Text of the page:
SHAC Chairperson Rob Satterfield served as the primary presenter to the board, recommending the Baylor Scott & White Adolescent Wellness and Sexual Health curriculum for seventh grade, with the addition of three chapters from Baylor Scott & White’s eighth grade materials on sex and the law, sexually transmitted diseases and contraception. Only seventh graders receive formal sex education in DSISD schools.
“This fits Texas state law; it fits with Student Health Advisory Committee laws mandated to us; and it fits within what parents said in this district that they wanted,” Satterfield said.
SHAC had initially been scheduled to present recommendations to the board in April, after voting to recommend the Baylor Scott & White curriculum without adjusting the scope and sequence of material. However, SHAC decided to hold additional meetings to parse out the particulars of the chosen curriculum and seek additional community feedback, postponing the board presentation until this month.
Many in the community found this decision process to be murky, as was expressed in the meeting’s public forum, when a number of parents and community members weighed in about the recommended curriculum, with some concerned that the eighth grade chapter material was inappropriate for younger students. Parent Colette Kraham further said that she felt the board had been unduly involved in the decision to include eighth grade content.
“I witnessed the process being manipulated behind the scenes to push for a particular outcome,” said Kraham.
The board has a non-voting liaison member on SHAC, trustee Shannon O’Connor, and the committee’s coordinator is Nicole Poenitzsch, assistant superintendent of learning and innovation for DSISD. Otherwise, SHAC is composed of parents and community members.
Other public commenters said they were disappointed that the chosen curriculum was not more comprehensive, particularly with its silence on LGBTQ issues and focus on abstinence.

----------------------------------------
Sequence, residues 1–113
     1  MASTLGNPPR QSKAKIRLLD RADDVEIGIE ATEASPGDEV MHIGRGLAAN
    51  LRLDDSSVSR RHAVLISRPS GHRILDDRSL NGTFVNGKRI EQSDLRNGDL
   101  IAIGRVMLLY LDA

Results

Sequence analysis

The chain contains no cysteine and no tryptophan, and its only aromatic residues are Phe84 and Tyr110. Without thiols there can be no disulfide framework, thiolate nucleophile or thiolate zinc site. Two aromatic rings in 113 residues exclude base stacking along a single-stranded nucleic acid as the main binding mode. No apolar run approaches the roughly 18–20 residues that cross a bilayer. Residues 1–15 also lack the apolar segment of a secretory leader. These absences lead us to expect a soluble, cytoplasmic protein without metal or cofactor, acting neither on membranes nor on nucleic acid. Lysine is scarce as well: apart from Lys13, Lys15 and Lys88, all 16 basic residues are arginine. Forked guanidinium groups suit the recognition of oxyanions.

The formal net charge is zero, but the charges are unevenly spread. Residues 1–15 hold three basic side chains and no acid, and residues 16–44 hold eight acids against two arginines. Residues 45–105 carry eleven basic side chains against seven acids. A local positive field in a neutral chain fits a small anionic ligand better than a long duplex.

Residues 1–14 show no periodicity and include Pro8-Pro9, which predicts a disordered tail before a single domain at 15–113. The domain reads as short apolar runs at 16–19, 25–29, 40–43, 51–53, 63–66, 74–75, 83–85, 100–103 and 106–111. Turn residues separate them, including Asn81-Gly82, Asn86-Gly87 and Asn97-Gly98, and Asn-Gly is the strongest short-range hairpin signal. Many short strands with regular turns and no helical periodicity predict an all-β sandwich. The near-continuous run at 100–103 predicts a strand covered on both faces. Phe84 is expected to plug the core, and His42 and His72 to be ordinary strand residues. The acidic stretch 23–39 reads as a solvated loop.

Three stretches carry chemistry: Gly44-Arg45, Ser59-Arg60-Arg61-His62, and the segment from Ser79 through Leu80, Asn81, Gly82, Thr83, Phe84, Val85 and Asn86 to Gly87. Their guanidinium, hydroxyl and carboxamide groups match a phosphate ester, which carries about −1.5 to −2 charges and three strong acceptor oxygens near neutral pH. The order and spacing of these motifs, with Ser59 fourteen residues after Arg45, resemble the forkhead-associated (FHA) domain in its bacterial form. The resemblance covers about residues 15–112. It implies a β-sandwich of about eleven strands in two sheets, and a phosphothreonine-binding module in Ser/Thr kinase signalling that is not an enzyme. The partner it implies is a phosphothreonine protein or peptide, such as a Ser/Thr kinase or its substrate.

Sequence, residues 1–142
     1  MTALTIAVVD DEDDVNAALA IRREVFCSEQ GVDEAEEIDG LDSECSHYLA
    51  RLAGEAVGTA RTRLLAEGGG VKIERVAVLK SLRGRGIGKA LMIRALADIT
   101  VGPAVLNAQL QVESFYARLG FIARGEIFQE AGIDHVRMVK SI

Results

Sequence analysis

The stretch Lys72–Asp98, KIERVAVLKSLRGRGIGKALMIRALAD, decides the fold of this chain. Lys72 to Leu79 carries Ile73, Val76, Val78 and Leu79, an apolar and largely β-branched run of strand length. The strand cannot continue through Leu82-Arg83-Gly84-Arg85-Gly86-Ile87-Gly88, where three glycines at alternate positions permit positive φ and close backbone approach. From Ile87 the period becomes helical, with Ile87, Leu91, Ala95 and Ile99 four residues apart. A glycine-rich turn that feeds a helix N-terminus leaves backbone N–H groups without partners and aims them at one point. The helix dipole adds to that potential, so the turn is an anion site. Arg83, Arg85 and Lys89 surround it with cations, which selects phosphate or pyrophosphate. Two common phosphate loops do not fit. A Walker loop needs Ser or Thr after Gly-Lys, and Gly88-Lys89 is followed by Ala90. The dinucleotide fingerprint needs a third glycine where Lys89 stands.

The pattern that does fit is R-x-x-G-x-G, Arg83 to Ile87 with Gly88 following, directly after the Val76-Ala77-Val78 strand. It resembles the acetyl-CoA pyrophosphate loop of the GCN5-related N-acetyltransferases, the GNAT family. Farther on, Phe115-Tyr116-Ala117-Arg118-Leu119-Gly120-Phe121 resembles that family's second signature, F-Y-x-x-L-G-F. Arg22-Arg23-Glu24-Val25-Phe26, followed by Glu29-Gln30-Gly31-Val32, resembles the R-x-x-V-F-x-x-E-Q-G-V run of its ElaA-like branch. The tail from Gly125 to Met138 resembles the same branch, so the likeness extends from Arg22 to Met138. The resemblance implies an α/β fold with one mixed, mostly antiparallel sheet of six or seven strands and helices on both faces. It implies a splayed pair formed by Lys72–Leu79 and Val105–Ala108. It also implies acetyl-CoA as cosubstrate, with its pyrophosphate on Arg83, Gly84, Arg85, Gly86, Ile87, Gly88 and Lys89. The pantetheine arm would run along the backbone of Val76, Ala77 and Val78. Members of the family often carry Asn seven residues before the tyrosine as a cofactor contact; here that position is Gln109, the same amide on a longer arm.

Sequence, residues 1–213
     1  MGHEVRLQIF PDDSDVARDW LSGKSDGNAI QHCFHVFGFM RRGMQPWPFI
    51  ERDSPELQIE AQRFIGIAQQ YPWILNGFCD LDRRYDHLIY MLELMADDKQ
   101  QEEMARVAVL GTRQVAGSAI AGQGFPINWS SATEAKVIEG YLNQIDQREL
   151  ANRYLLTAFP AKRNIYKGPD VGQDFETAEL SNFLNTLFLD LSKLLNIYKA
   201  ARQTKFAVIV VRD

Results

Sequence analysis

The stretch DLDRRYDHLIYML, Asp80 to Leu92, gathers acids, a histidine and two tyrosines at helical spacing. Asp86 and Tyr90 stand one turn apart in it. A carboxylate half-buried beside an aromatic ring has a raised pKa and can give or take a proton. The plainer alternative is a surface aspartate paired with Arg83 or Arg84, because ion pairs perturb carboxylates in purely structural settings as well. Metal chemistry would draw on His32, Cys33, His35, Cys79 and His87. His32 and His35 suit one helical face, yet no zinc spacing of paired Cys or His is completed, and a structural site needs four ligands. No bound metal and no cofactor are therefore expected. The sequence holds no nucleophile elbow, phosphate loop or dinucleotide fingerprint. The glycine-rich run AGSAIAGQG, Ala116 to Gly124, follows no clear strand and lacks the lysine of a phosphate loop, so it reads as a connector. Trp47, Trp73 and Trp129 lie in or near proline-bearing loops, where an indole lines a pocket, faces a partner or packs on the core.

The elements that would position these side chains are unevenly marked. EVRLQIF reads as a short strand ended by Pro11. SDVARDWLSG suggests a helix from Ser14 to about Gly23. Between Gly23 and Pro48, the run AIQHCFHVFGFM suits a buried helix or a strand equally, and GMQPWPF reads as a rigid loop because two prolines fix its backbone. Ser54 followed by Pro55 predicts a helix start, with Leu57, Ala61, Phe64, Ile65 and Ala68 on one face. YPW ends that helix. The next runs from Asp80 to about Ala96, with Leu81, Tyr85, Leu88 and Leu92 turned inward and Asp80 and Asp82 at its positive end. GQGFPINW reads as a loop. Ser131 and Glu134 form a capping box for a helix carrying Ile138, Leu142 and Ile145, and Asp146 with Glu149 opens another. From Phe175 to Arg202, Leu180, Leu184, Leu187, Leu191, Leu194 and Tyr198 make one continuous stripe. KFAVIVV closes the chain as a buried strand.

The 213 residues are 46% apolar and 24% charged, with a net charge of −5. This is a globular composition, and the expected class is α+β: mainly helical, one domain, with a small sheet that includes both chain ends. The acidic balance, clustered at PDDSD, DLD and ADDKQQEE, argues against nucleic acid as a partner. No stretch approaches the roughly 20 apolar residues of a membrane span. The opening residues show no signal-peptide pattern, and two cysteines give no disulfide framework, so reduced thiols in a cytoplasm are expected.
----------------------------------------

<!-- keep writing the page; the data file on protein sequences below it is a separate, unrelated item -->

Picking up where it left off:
“As a mom to two young girls, I really wish abstinence-based programs were effective. It would be amazing if they actually worked, but unfortunately they don’t help us meet those really important goals for the students,” said parent Ayesha Macon, referencing the goals of increasing the age of initiating sexual activity, avoiding teen pregnancy and avoiding transmission of sexually transmitted diseases.
A group of students also came to the mic, led by Dripping Springs High School student Colin Dewitt, representing the organization Students for Life. He said he supported the Baylor Scott & White curriculum because it was both rooted in science and aligned with the community’s values.
“Having been through sex education before, I can tell you that the change doesn’t come exactly in the fact that you’re going to influence our decisions, because you’re not,” said Dewitt. “I think all of you realize that kids kind of do what they will sometimes, but what you can instill in them is a sense of long-term values.”
Texas state law dictates that sex education curricula must be both abstinence-first and science-based. Baylor Scott & White’s curriculum meets these requirements, as did the other curriculum which was initially under consideration, such as FLASH, which takes a more comprehensive approach to LGBTQ topics.
“In this community, we have a wide range of values,” said former SHAC member and clinical psychologist Penelope Frolic, during public comment. “Some of the most cherished values of some go in direct conflict with the most cherished values of others. As a result, we’re all going to need to compromise some and be creative to solve this.”
Ultimately, Satterfield confirmed that SHAC would in fact hold one additional meeting—not to debate the general choice of the curriculum any further, but to discuss the inclusion of a particular slide in educational materials, as well as discuss SHAC’s by-laws. The slide in question addressed risk factors for contraction of HIV and had been suggested for removal by a member of SHAC who questioned the appropriateness of the way homosexuality was addressed as a risk factor on the slide.
However, SHAC co-Chairperson Sunny Ramirez gave a tearful speech to the board expressing her belief that the slide should be included, sharing her own family’s history with HIV.
“We owe it to our youth and society to tell them the truth. They need to know what can happen if we make certain choices,” Ramirez said.
The date for the additional SHAC meeting to address this final issue has not yet been set. The board of trustees will vote on the new curriculum at a future meeting once SHAC has presented all recommendations.